LOS ANGELES -- As Juan Uribe was being showered with champagne and beer in the Los Angeles Dodgers' clubhouse and ushered into the press conference room after the game, Carl Crawford was tucked away safely behind a plastic curtain near his locker.
Crawford needed a moment to himself and sat down, while his 9-year-old son, Justin, danced to music blasting in the background.
While Sandy Koufax congratulated Clayton Kershaw on his game, and a dozen Dodgers and owner Mark Walter hugged Uribe, Crawford quietly smiled as he watched his son boogie before giving him a hug.
Before Uribe became the Game 4 hero for his game-winning home run that closed out the Atlanta Braves, Crawford was the only player keeping the Dodgers in the game.
Crawford hit a solo home run in each of his first two at-bats, including the first team at-bat, which was just the second leadoff homer in Dodgers postseason history.
It was the ninth multiple-homer game by a Dodger in the postseason, and Crawford was just the seventh Dodger player to accomplish the feat.
“I knew it was going to be a close game with tough pitching, so I wanted to be aggressive,” Crawford said. “I was happy I got the first home run. But the second home run? I couldn’t believe it. To hit two home runs in the postseason is definitely big. I was really amazed.”
Braves starter Freddy Garcia only allowed the two runs from Crawford while giving up just eight hits in six innings.
“No one else could get to Freddy tonight other than him,” Andre Ethier said of Crawford. “He came up big there and got us on the board quick with two runs. Carl really kept us in the game while Freddy was shutting us down.”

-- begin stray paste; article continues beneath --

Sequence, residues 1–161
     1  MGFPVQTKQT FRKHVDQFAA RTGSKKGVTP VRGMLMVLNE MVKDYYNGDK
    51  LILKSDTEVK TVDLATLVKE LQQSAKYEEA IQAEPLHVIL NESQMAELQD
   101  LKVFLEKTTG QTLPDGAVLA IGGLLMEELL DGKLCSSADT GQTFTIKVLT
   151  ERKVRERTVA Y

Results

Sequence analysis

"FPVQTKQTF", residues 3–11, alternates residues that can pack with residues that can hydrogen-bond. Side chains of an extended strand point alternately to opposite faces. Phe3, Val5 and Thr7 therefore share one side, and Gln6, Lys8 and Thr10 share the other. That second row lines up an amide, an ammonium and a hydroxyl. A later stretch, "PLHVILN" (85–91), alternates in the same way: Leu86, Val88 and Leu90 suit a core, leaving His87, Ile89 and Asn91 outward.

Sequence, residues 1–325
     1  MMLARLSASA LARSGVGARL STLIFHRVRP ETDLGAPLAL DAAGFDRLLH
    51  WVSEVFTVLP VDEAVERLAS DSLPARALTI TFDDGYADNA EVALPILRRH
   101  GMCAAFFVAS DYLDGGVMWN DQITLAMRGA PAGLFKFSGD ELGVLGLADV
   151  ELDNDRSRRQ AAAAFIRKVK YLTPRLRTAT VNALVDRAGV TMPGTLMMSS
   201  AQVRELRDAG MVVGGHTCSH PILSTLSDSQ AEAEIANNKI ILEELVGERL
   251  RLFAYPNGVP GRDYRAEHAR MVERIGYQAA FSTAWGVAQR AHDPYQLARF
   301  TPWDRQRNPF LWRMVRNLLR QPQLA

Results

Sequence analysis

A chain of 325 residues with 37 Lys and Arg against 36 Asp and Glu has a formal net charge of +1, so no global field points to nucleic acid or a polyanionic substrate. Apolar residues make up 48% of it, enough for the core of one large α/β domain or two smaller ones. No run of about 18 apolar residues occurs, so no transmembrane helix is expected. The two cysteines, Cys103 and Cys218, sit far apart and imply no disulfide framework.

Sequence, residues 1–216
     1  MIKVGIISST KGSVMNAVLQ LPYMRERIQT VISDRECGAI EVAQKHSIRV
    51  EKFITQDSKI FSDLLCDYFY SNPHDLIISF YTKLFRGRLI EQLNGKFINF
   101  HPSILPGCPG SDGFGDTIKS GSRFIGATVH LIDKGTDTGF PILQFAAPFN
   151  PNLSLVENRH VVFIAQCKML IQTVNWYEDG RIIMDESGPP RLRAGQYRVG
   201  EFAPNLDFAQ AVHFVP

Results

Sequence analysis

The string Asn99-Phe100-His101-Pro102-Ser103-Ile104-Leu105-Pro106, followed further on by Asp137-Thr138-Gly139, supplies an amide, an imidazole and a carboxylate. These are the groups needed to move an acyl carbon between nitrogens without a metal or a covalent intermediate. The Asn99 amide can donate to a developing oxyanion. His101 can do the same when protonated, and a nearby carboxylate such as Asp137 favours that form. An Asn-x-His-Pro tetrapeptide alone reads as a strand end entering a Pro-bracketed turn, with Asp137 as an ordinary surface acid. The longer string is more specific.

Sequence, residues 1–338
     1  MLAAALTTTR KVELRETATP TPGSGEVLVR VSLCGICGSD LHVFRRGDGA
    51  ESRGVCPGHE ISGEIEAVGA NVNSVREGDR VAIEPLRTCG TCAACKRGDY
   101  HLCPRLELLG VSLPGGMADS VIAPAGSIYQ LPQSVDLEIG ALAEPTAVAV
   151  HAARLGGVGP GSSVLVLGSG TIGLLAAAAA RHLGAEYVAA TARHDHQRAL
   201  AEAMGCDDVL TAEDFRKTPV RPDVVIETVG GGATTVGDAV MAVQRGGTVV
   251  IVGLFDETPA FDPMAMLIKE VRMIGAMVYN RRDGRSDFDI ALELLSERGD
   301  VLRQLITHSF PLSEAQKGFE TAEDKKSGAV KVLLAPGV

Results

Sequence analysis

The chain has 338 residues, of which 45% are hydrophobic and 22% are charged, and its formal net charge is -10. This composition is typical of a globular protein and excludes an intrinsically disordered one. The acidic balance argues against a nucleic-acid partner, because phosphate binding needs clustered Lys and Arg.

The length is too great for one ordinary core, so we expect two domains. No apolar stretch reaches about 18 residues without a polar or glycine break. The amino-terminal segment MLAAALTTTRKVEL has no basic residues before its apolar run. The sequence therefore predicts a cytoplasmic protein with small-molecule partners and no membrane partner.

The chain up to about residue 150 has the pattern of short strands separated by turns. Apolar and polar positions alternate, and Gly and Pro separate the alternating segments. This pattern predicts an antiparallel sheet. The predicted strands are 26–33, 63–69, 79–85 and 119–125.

As Crawford looked on while his team celebrated in the clubhouse, he smiled while thinking back to where he was last year.
Crawford underwent Tommy John surgery last year, which ended his season before he was traded from the Boston Red Sox to the Dodgers. He had signed a 7-year, $142 million contract with Boston after the 2010 season, coming over from the Tampa Bay Rays. It was a signing that was quickly panned as a bust and resulted in two of the most miserable years of Crawford’s life.
“The change of scenery for me was great,” Crawford said. “I felt like myself again. I love it here in L.A. and I’m happy they brought me over here.”
When Dodgers general manager Ned Colletti was considering a blockbuster trade with the Red Sox last year that would bring Crawford, Adrian Gonzalez, Josh Beckett and Nick Punto to Los Angeles, Crawford was a big part of the deal despite the fact he was not going to play last season while recovering from surgery.
“Carl Crawford has been tremendous,” Colletti said. “To see what he’s done in this series is great. I’m happy for him, because the crowd loves him and he’s turned it up big time with big hits. Two years ago when he was a free agent, he was one of the most sought-after free agents in a long time. He’s got power and speed and can play good defense, and to see him feel good about himself again is great.”
Crawford wasn’t supposed to begin the season with the Dodgers after recovering from surgery, but he made his debut as the starting left fielder and leadoff hitter on Opening Day. He had hoped to stay off the disabled list but missed a month with a hamstring injury.
Crawford, however, was a key player in the Dodgers’ historic summer run. He played in 116 games and hit .283 with six home runs, 31 RBI and 15 stolen bases.
“Coming back, for me, I just wanted to get a full year,” Crawford said. “I was on the DL, but I felt I was able to do something. And hopefully l’ll be healthier and even better next year.”
Don Mattingly grinned as he walked past Crawford after the game in the clubhouse. “The look on his face was great when he hit those home runs,” the Dodgers' manager said.
Crawford was happy to be happy.
“Just to be able to smile again feels good,” he said. “I feel like I hadn’t done it two years. Just to be able to smile again and feel good again is great. Hopefully I’ll be smiling some more.”